If Microsoft and Google would follow that policy that some suggest -- to not compare the non-identifiable fingerprints of illegal child porn files to those it's creating for the storage of uploaded images -- it would not be protecting the privacy of the majority of its customers as these image fingerprints are not human inspected and are not personally identifiable unless they match a know image of child sexual abuse.  
Thus if Google, Microsoft, Facebook, Twitter, Apple, and others were to bow to their critics, they would only be protecting one very small group of users -- those who prey on children sexually.  And any organization who made such a choice would be willfully turning a blind eye to crime, and likely liable on the basis of obviousness.
In digital form, the issue of liability when it comes to cloud services used in crimes against children has never been truly tested, but the threat is certainly there, particularly given non-digital precedents.
XIII. What's the Cost of Complicity in Sex Crimes Against Children? Ask Penn State
The question of businesses willfully ignoring obvious signs of child sex abuse and the legality of such silence is a salient one, particularly given that the case in question occurred in the state of Pennsylvania.  The state's most prominent institution -- Penn State University -- was recently marred by an ugly sex crime investigation and trial.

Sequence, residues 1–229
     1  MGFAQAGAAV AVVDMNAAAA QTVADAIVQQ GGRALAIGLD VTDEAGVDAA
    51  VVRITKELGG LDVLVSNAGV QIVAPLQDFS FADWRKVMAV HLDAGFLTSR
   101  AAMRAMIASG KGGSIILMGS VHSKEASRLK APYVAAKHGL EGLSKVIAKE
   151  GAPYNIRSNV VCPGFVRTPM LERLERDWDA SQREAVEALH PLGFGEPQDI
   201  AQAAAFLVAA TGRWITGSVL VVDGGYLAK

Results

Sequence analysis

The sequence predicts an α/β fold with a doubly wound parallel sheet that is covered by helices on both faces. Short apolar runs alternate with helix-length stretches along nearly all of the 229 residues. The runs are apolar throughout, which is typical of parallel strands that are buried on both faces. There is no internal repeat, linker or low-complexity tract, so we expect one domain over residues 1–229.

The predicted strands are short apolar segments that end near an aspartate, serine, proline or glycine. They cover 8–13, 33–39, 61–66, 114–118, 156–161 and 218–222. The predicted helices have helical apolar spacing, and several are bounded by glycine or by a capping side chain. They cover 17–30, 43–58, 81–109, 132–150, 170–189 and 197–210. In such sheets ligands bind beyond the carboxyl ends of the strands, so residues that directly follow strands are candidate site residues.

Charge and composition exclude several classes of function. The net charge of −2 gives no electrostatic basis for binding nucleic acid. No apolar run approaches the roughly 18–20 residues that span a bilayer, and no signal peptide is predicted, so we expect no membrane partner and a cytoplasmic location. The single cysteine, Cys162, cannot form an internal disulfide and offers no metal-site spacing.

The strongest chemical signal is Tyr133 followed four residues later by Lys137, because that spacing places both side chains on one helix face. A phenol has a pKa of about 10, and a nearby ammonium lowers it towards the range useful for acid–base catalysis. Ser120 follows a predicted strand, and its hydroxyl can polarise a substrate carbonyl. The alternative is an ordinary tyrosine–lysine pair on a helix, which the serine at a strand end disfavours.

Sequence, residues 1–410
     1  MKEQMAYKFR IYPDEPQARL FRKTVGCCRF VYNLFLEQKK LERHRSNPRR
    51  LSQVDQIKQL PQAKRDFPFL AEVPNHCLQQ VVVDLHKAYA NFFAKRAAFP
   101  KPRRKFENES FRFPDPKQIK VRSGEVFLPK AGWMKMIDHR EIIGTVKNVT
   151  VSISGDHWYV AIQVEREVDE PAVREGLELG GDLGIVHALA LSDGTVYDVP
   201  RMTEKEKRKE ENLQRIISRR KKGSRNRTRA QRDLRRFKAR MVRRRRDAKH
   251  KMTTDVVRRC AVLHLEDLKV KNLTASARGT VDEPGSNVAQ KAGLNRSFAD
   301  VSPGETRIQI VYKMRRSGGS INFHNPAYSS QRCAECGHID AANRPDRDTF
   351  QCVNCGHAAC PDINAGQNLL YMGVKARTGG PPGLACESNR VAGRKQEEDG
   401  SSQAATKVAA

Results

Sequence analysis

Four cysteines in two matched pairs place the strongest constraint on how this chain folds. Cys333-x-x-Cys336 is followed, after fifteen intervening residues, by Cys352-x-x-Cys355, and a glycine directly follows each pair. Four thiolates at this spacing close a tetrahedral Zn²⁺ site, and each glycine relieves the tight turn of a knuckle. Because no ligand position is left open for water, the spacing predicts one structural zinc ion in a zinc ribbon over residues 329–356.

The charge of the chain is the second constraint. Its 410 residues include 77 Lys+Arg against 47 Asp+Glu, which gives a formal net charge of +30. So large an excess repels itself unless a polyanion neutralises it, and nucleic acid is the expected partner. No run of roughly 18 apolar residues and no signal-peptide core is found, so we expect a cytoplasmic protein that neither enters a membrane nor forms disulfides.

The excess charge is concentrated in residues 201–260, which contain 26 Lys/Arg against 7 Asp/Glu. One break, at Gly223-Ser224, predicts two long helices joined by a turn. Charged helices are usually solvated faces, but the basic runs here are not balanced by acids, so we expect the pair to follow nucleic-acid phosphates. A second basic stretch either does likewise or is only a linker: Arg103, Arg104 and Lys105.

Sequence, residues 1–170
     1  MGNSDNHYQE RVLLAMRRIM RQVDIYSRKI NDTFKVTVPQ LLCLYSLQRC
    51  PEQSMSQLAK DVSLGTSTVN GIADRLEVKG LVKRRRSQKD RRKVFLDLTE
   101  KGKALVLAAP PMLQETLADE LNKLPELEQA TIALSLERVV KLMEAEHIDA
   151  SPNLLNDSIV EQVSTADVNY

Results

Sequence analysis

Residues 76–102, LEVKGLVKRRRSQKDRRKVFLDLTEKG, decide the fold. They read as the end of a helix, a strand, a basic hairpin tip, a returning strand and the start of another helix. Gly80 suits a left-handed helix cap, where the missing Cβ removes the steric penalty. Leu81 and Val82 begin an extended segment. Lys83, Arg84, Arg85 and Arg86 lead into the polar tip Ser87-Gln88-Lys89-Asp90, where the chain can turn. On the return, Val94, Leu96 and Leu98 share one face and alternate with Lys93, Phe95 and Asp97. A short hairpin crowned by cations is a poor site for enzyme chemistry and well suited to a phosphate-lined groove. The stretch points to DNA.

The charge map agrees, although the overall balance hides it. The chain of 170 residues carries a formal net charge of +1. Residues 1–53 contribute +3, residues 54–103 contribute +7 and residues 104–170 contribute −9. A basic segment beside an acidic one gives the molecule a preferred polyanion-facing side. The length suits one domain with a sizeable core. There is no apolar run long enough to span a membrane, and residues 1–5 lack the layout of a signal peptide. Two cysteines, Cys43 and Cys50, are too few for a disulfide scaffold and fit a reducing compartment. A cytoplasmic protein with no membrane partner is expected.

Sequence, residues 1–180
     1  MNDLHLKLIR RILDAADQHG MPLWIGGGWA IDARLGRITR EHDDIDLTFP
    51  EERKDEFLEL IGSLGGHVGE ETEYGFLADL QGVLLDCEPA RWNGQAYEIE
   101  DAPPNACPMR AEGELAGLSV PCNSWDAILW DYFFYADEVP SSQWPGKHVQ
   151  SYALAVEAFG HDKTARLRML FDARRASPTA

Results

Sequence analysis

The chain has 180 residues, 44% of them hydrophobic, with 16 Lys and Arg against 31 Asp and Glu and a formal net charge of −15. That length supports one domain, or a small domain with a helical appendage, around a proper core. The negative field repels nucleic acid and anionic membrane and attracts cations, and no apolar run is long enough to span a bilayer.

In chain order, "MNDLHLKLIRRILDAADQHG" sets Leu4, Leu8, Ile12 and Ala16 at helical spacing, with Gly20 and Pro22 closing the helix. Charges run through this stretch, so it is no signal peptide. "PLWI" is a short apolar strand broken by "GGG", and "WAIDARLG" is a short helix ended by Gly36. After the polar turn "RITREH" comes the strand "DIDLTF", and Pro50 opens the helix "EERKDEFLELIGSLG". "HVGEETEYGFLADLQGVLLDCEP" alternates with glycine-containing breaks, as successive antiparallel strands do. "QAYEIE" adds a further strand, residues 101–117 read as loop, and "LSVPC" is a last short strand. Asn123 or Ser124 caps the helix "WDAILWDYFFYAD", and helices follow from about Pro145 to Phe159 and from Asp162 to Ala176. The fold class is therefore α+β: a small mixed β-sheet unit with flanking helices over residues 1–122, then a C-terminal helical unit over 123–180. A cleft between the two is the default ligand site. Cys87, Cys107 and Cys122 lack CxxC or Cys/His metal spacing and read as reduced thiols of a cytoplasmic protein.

In this case the business offline did exactly what critics say Google should have done online -- choose to ignore easy to detect signs that a customer or employee was engaging in sex crimes against children.  It didn't stick its nose in football defensive coordinator, Gerald Arthur "Jerry" Sandusky's business even after employees relayed disturbing accounts.  It "protected" Mr. Sandusky's "privacy".

Pedobear Penn State
Penn State did exactly what Microsoft's critics wish it did -- ignore sex crimes against children.
[Image Source: Deadspin]

Eventually the truth came out.  Mr. Sandusky was a serial sexual predator, who had raped and molested at least ten young boys that he had carefully chosen, based on their vulnerable emotional or financial status.  He had committed dozens of sex crimes, at least 20 of which were believed to occur on Penn State's campus.